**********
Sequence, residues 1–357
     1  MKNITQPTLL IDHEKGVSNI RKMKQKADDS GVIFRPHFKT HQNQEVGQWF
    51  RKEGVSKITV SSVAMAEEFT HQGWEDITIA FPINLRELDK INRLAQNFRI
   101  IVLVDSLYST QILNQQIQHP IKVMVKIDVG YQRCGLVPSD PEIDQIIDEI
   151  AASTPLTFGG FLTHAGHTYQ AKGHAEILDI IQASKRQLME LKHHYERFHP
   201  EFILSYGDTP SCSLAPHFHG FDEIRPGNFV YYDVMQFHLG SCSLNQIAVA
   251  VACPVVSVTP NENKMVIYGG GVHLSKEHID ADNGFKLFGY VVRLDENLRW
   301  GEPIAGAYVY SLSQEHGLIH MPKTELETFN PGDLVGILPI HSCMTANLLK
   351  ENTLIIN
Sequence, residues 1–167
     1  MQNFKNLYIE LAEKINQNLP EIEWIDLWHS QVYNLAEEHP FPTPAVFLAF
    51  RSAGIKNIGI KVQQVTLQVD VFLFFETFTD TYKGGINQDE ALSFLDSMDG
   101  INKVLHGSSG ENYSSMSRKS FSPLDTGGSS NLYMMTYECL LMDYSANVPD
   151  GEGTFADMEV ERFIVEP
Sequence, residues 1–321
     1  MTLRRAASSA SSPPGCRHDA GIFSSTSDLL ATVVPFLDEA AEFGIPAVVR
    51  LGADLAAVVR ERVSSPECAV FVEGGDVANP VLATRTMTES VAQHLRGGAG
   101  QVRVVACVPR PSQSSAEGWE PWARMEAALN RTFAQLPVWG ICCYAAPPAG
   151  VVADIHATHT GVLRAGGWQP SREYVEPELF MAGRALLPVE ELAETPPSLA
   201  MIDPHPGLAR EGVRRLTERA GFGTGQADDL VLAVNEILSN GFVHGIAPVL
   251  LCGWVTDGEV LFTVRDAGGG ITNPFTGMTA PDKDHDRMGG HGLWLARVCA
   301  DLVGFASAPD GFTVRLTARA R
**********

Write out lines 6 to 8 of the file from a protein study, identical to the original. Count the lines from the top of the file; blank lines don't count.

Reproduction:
   201  EFILSYGDTP SCSLAPHFHG FDEIRPGNFV YYDVMQFHLG SCSLNQIAVA
   251  VACPVVSVTP NENKMVIYGG GVHLSKEHID ADNGFKLFGY VVRLDENLRW
   301  GEPIAGAYVY SLSQEHGLIH MPKTELETFN PGDLVGILPI HSCMTANLLK